Adding to pressure on property investors is the possibility of a Federal Labor government taking power next year. Labor's pledge to wind back the favourable tax treatment of investment property will deal another blow to the housing sector.
While consumers will be more cautious, the average household will save about $10 a week from lower petrol prices and that will provide some support to household spending, says Shane Oliver.
There is also the prospect of large income tax cuts this year. At its mid-year economic update in late December, the Government announced the deficit was shrinking and the 2019-20 year was on track for the first annual surplus in a decade.
More importantly for consumers (and voters) the Government has put aside A$9.2b for what the Treasury papers coyly calls "decisions taken but not yet announced", which are actually tax cuts.
Treasurer Josh Frydenberg will hold off the details until closer to the election due by May, although analysts estimate they will be worth about A$6 a week to middle income earners.
Low income earnings are already in line to receive a A$500 tax refund in July thanks to previously announced tax cuts.
While the Government insists the return to surplus is due to its good economic management, in reality it's due to higher commodity prices, infrastructure spending and higher company tax collections.
But the Treasury papers suggest the economy will slow to 2.75 per cent growth in 2018. Investment bank UBS has a similar forecast — growth of 2.7 per cent in 2019 and of 2.5 for 2020.
The slowing growth and benign inflation will keep the Reserve Bank of Australia on the sidelines and keep the official cash rate at 1.5 per cent, where it has remained steady for the past two and a half years.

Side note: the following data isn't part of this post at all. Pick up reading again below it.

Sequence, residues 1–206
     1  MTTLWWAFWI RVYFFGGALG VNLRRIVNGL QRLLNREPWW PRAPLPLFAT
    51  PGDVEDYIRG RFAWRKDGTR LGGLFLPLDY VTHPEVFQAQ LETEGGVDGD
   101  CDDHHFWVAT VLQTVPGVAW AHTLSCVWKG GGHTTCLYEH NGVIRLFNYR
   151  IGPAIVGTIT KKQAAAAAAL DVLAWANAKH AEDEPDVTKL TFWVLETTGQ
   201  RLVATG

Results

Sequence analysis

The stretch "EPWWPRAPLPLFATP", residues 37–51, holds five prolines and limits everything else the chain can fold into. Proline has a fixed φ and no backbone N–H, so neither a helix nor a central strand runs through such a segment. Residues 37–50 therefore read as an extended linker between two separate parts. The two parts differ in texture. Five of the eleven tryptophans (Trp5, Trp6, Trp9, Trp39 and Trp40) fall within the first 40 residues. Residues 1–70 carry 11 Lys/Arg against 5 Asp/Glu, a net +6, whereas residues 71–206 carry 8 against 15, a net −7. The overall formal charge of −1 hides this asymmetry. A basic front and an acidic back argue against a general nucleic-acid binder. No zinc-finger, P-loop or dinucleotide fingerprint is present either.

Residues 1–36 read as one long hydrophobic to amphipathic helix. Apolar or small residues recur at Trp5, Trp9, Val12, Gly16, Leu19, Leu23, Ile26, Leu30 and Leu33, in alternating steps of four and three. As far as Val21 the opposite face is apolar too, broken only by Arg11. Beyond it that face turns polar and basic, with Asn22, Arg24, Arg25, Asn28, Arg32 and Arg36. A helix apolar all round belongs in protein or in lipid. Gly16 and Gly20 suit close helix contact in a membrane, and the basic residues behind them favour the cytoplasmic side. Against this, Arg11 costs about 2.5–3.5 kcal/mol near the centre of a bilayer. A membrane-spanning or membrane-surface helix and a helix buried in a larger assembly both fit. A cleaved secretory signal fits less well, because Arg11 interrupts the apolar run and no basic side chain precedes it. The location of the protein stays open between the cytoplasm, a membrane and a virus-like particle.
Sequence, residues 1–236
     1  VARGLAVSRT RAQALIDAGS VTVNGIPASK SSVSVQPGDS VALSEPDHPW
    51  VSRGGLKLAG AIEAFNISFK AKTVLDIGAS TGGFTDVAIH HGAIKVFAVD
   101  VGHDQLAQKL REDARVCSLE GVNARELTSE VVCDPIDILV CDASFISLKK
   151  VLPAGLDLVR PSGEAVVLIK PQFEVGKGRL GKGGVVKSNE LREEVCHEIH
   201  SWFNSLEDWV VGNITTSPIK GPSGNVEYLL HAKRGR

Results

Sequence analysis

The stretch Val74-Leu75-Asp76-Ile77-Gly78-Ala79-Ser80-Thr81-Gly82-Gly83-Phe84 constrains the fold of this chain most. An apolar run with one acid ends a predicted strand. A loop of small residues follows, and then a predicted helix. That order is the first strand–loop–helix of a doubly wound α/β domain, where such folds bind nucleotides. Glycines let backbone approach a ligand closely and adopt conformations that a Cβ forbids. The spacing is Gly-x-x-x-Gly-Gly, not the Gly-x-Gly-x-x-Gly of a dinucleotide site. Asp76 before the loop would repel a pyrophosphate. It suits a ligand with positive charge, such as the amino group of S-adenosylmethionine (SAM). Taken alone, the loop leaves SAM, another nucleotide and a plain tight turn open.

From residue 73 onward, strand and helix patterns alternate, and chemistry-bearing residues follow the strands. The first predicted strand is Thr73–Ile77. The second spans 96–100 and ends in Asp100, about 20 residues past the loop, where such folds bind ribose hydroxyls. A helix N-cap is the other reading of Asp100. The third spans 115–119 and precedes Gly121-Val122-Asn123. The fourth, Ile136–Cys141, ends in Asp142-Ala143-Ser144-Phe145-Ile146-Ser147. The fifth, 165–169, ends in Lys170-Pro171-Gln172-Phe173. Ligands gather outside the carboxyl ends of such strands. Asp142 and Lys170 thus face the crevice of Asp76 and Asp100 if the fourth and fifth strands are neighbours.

Certainly, UBS economist Carlos Cacho doesn't expect a rise in interest rates until after 2020, particularly as lower oil prices keep inflation low.
"We don't think they're going to hike any time soon. With soft consumption, falling house prices, it's not an environment they want to hike into," he says.
Cacho says a rate cut is also unlikely, unless the economy deteriorates further.
"The housing market is the key downside risk to the domestic economy, mostly to the consumption channel but also through employment and the construction sector if we do see activity slow down," he says.
For his part, McGuinn is optimistic about the property market and economy.
"At some stage, probably in the next month, in the next six months, things will bottom. And then, people will say, 'S***, the whole world didn't blow up. Property prices doesn't go back down to pre-2000 numbers. It did drop back a bit, but they're still better than they were in 2014. Now is a good time to buy — while the market's bottomed'," he says.
"And then, all of a sudden, there'll be a change."